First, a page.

Erin Hamlin has served as the face of luge in the United States for almost a decade. The three-time Olympian is the most decorated U.S. singles slider in history, having first won world championship gold in 2009 before winning three medals at the 2017 event – gold in sprint, silver in singles and team relay. In 2014, Hamlin earned bronze at the Olympic Winter Games 2014 to become the first U.S. singles luger ever to earn an Olympic medal. Follow Hamlin’s journey to a fourth Games in PyeongChang, South Korea, as she writes for TeamUSA.org.
Hey Team USA and/or USA Luge fans – and anybody just clicking away while procrastinating work…
My name is Erin Hamlin and I am a three-time Olympian, Olympic bronze medalist and 18-year member of the U.S. luge team. It is wonderful to meet you!
My Olympic debut was 11 years ago, as a teenager in Torino, Italy, and here I am, at 30, diving into the exciting and often chaotic process of qualifying for a fourth Olympic team. Crazy, right?? Never in a million years would I have imagined I’d be saying that. I grew up, as what I thought was as normal as you can, in Remsen, New York, a very small town just outside the Adirondack Park. I loved being outside, learning, gymnastics, and aspired to be an astronaut – until 12…when I found luge. You could say it shook things up a bit.
From the outside looking in, most people have one of two initial reactions to luge: The first is that my sport is crazy or that I’m crazy, or I have a death wish or some extreme adrenaline addiction that causes me to fling myself down a hill at breakneck speeds. The second is that I just fling myself down a hill and hang on tight, like you do in the park on a plastic sled you got for Christmas. For those of you who thought one of those two things and for those who immediately think of “Cool Runnings,” I am so excited to open your minds to the world of precision, dedication and extreme focus involved in being at the top of a sport timed to the thousandth of a second. One where you often don’t see where you’re going while at speeds up to 90 mph, when being in complete control is up to you in order to navigate about a mile of ice. In spandex.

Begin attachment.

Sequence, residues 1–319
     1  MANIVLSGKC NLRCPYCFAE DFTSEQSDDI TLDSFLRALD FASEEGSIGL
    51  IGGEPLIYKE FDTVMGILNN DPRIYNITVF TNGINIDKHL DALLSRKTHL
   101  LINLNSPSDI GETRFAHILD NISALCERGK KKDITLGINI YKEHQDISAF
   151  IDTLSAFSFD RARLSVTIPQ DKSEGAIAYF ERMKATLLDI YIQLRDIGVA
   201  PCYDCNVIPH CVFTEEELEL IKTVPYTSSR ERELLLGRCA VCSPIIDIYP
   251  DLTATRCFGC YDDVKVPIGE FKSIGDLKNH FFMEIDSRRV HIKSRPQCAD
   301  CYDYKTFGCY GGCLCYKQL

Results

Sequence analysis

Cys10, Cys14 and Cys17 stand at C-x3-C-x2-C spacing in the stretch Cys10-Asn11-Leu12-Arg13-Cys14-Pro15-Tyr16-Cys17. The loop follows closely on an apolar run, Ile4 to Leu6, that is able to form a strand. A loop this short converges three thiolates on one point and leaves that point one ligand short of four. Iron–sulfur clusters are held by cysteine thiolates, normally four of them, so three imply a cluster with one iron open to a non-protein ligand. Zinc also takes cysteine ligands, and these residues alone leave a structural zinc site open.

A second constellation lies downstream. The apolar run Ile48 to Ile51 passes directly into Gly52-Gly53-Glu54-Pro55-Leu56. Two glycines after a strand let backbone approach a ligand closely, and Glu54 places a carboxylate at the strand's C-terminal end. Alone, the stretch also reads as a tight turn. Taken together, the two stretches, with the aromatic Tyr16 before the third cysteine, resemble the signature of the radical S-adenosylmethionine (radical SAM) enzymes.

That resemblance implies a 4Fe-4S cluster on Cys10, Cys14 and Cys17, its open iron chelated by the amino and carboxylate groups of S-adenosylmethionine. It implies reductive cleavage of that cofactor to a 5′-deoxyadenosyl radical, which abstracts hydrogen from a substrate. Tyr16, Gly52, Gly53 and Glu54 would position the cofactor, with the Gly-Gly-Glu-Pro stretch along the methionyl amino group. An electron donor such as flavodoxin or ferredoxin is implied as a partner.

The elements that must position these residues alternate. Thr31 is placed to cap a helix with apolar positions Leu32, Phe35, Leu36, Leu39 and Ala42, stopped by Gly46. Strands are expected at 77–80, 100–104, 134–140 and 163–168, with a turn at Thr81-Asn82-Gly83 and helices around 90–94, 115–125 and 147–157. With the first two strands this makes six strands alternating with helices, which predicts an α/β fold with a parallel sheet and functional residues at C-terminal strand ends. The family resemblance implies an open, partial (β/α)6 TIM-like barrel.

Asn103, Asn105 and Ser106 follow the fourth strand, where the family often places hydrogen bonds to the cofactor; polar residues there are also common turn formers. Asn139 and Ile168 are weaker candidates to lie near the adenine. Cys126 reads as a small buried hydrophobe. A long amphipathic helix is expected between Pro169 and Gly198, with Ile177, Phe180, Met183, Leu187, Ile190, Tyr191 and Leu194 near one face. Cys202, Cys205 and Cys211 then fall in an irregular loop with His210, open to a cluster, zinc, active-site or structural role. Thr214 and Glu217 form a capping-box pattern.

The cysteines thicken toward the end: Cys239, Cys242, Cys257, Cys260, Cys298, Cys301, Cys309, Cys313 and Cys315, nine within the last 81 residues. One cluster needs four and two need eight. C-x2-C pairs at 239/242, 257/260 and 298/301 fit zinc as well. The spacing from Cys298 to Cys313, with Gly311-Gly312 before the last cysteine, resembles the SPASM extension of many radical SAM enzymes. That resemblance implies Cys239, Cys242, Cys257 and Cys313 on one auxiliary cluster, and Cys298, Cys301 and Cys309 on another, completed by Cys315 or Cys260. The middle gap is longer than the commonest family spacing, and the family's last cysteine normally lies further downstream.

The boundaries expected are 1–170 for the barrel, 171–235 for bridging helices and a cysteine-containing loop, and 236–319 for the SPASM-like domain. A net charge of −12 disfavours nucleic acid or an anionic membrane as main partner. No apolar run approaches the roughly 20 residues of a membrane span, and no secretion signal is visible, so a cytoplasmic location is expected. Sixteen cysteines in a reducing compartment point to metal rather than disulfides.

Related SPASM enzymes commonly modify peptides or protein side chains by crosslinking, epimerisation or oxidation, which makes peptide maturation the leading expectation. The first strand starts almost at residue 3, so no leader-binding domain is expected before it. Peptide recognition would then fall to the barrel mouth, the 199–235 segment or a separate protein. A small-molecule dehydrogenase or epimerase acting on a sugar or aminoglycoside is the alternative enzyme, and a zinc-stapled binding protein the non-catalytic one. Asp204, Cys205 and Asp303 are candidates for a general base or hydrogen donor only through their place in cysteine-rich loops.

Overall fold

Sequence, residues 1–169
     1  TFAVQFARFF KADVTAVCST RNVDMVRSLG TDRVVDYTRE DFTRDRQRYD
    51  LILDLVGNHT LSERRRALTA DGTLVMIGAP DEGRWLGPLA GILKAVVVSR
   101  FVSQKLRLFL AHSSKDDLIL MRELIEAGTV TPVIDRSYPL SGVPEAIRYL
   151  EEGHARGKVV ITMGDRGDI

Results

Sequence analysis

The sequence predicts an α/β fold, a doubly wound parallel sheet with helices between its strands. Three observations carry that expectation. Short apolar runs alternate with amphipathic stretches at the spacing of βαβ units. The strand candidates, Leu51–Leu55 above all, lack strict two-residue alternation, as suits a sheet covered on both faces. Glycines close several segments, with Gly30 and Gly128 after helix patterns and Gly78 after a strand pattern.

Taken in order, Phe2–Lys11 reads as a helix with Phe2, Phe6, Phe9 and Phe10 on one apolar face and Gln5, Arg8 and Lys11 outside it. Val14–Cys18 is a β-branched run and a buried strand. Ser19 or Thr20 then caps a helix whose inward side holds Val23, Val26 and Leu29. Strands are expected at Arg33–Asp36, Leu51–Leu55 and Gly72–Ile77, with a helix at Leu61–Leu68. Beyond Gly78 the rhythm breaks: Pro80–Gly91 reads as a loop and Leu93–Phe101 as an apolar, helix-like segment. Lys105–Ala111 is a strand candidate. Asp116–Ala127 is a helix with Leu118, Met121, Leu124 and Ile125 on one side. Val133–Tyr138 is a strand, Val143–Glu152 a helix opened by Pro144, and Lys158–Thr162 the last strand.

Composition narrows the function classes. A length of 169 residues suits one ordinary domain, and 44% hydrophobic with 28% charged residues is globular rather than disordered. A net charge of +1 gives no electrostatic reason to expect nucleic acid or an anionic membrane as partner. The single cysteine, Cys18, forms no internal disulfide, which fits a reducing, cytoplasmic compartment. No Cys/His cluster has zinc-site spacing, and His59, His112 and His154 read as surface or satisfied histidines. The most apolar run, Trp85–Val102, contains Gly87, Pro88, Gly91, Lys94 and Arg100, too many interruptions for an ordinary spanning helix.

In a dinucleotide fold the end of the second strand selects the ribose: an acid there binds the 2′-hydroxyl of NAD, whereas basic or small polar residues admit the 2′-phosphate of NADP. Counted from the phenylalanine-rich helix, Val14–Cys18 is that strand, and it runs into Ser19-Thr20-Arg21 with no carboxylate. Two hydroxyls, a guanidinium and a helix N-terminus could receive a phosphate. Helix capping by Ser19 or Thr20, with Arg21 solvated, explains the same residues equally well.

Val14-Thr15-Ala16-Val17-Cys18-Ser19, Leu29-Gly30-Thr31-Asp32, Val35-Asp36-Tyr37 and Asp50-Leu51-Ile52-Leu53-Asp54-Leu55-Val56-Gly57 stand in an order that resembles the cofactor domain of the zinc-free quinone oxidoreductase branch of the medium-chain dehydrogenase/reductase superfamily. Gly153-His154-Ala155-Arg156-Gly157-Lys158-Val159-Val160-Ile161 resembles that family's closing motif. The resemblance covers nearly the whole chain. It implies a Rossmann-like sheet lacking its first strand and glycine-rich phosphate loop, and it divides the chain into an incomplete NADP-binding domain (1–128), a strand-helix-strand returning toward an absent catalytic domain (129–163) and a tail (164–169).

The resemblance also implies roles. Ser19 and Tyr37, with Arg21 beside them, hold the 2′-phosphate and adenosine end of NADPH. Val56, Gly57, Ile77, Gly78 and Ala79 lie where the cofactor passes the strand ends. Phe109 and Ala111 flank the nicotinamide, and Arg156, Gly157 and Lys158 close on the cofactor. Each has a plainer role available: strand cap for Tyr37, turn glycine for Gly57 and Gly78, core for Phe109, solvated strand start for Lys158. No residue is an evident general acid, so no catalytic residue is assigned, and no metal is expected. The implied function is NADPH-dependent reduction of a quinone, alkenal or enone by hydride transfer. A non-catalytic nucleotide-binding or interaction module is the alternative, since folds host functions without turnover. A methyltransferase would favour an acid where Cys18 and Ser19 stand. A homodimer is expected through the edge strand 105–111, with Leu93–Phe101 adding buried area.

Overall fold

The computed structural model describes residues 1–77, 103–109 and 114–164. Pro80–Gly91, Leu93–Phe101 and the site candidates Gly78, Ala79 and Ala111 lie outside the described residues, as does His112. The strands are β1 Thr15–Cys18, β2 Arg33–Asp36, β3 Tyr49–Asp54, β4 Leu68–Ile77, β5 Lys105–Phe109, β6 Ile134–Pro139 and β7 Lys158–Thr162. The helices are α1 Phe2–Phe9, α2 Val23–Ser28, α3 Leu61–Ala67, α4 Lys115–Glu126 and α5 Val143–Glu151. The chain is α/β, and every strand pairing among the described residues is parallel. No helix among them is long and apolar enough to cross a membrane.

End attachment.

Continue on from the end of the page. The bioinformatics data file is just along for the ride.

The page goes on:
These characteristics of luge are exactly why I got into the sport at a young age. It’s not that I was itching to test myself in these areas – I was actually a total chicken as a kid. There is really no other option if you want to make it in the sport. At the very beginning, your abilities are gradually honed by slowly working your way up the track, a few curves at a time, strengthening your abilities both before and as you build speed. It takes years to perfect the expertise of feeling the track or reading curves in order to make it down fast…or sometimes just make it down period.
I stepped outside my comfort zone 18 years ago and have not looked back. My sport has taken me all across the globe and introduced me to amazing people. I’ve been fortunate to not only find success in something I never even dreamed I’d have a passion for, but managed to make history on more than one occasion.
In the infancies of another Olympic season, here I am airport-hopping around North America and beyond, chasing down winter and temperatures cold enough for a track to hold ice. From home in upstate N.Y. to Lillehammer, Norway and both Whistler and Calgary, Canada, my team and I have already hit the ground running in the process of qualifying for and hopefully excelling at the upcoming Games in PyeongChang, South Korea.